Sequoia Changing Latitudes

30 August 2023 | St. Helens, Oregon
09 August 2023 | Bellingham, Washington
21 July 2023 | Boat: Bellingham; C&B: Scappoose
10 July 2023 | Egmont, Sunshine Coast, B.C., Canada
02 July 2023 | Walsh Cove, Desolation Sound, B.C., Canada
23 June 2023 | Westview/Powell River B.C.
18 June 2023 | Ganges, Saltspring Island, B.C., Canada
22 June 2019 | Scappoose, Oregon
27 May 2019 | Back home in Oregon
09 May 2019 | Villas Alturas Hotel, Costa Rica
02 May 2019 | San Vito, Costa Rica
23 April 2019 | Golfito, Costa Rica
11 April 2019 | Panama City, Panama
04 April 2019 | Shelter Bay Marina, Colon, Panama
22 March 2019 | Jamaica
11 March 2019 | Zar Par Marina, Boca Chica, Dominican Republic
18 February 2019 | Culebra Island, Puerto Rico
31 January 2019 | Simpson Bay Lagoon, Sint Maarten
21 January 2019 | Nelson's Dockyard, English Harbour, Antigua
04 January 2019 | Portsmouth, Dominica

Bellingham and the San Juan Islands

09 August 2023 | Bellingham, Washington
Barbara Johnston | Partly cloudy, warm
Here we are, dear friends and family, in Bellingham, waiting out some rain showers. We came back from our Oregon and California “adventures” 10 days ago and have spent six of those days with our Austrian exchange student from many years ago (Cori) and her husband (Jens) and two young boys (Finn, 12½ and Simon, 10). Aboard Sequoia it was an adventure in group living; we really did have a fabulous time. These boys are almost like grandchildren to us. But we have no experience with grandparenting, so it really was an adventure, with many rewards.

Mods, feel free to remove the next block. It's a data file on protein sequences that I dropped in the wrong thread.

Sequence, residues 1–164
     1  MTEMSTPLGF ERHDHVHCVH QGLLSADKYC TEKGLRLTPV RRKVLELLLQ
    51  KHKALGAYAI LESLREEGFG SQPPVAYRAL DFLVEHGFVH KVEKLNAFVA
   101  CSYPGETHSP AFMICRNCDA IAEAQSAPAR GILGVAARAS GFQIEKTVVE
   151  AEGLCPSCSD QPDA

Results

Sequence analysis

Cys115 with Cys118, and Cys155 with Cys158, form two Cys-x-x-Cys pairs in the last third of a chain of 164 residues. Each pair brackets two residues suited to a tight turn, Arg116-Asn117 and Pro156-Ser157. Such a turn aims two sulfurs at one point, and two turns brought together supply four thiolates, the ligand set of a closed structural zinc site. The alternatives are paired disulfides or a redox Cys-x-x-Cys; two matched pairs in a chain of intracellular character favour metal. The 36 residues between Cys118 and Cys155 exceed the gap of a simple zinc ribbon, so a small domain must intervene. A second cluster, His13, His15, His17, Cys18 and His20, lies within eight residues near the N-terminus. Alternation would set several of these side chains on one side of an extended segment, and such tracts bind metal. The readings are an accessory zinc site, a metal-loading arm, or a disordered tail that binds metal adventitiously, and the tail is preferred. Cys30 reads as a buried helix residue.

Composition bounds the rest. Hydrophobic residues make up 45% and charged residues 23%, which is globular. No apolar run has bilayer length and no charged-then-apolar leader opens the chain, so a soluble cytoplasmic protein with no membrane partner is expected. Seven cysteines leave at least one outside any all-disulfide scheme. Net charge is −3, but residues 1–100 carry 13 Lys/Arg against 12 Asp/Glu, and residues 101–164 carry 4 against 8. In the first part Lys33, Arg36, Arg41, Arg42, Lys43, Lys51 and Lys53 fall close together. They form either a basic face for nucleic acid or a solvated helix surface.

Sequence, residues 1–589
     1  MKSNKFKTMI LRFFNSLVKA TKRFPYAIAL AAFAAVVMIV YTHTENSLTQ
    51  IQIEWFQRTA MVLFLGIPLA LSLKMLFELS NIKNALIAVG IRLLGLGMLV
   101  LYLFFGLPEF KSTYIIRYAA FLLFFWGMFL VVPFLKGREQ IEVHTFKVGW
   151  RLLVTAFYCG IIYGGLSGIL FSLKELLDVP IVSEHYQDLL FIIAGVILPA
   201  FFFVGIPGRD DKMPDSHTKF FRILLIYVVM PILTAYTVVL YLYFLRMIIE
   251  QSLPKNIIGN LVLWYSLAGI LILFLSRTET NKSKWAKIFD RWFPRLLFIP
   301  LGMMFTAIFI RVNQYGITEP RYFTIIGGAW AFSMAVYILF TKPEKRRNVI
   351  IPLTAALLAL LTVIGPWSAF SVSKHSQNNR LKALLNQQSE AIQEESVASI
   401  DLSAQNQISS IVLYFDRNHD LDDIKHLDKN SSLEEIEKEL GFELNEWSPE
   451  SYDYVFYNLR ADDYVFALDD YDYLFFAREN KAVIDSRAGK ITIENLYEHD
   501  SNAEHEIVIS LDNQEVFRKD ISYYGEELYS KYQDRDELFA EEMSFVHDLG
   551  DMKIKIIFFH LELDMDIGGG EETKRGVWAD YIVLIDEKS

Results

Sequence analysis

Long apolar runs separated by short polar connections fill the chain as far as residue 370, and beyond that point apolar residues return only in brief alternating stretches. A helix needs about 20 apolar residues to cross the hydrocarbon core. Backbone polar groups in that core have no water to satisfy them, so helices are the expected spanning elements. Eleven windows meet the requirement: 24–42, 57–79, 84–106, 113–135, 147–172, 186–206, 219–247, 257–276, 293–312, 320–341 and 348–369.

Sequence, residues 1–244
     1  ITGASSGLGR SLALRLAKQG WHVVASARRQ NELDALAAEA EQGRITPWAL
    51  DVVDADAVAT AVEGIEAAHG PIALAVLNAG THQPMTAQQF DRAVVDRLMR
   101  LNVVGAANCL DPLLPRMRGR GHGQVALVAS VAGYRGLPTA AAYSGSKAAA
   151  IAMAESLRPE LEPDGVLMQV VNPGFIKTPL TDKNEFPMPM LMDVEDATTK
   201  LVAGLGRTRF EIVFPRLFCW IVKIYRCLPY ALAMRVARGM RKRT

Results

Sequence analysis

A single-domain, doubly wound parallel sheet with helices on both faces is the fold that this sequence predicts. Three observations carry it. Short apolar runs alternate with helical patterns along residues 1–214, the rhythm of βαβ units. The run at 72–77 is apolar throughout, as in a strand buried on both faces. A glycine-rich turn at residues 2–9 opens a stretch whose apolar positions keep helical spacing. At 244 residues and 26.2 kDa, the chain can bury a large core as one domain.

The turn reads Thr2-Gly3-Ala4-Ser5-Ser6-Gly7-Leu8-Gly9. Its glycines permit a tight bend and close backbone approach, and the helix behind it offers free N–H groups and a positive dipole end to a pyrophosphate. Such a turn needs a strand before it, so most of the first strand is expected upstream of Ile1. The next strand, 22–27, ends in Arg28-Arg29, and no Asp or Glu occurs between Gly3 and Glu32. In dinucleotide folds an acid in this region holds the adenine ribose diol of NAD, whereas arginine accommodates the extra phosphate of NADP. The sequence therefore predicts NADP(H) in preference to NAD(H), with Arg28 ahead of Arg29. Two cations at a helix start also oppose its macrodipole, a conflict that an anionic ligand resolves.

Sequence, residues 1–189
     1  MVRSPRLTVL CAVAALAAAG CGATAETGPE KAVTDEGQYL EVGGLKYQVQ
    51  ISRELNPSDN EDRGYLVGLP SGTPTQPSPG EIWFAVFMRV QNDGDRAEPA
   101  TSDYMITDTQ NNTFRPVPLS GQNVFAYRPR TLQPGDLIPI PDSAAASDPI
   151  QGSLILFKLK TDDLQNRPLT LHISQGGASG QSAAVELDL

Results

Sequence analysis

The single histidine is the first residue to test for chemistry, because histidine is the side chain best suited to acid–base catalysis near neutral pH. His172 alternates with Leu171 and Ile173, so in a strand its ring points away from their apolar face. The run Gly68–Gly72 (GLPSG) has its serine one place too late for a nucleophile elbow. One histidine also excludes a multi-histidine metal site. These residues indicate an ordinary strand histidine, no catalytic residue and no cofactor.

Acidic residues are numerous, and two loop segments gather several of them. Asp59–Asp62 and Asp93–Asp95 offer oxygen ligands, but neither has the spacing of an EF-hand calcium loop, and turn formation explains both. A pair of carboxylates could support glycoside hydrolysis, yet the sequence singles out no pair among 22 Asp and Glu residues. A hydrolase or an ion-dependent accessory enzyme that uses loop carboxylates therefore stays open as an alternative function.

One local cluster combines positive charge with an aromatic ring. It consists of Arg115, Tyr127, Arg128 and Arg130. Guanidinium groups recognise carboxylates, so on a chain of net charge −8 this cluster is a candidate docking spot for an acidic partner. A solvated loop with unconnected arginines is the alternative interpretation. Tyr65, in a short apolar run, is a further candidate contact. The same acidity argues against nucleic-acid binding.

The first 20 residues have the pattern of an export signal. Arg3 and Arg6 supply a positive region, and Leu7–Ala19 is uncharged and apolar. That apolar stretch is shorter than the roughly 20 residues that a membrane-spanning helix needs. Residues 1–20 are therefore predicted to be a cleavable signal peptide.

From Bellingham we crossed into the San Juan Islands and headed north to Sucia Island. It’s been many years since we have spent any significant time in the San Juans (nearly always choosing to go north to Desolation Sound as we did earlier this summer.) But I think I had forgotten the charm and beauty of these islands, despite a heavy load of visitors. Facilities have been upgraded in many cases, and I have the impression that the population of boaters may still be slightly less than before the pandemic.

Sucia is an ideal island to visit with children. Finn and Simon were at work almost as soon as we had the anchor down. They helped with inflating the dinghy, launching the dinghy, lowering the outboard and securing it in place and making sure that everything else was shipshape. (To be fair, the boys have a fair amount of sailing experience in the Baltic Sea, but it has been several years since their grandparents sold the sailboat.) It wasn’t long before they were both in the dinghy, exploring the Echo Bay anchorage and spotting a variety of sea creatures on the bottom in shallow areas. They recruited Jens and Cori to take them ashore, where they had a good hike.

Sucia is full of trails, going off in all directions. The next day, we all went ashore. Craig and I hiked to Fossil Bay and back. We all met on the beach of Echo Bay. Cori had made a nice lunch which we enjoyed sitting on beached logs under the shade of madrona trees and backed up to what appeared to be an eroding old shell mound (Native American garbage pile, created before the Europeans came). A superb addition to the lunch was a gift of freshly grilled salmon from a fisherman on the Shallow Bay beach. (I suspect the boys stood close by, admiring the fish, and that was what resulted in the contribution to our lunch.) Cori tells me that beaches in the Baltic have no drift logs piled up on the shores. I’m sure we saw that when we sailed in the Baltic 6 years ago, but somehow it didn’t register.

That afternoon the boys went off with the dinghy again, while Cori and Jens explored more trails and shores; Craig and I went back to the boat to fuel up our personal reserves after the high activity level led by Finn and Simon. Dinghying continued well into the evening. The header for this blog post shows Cori and Simon heading back to the boat in front of majestic Mt. Baker, at dusk.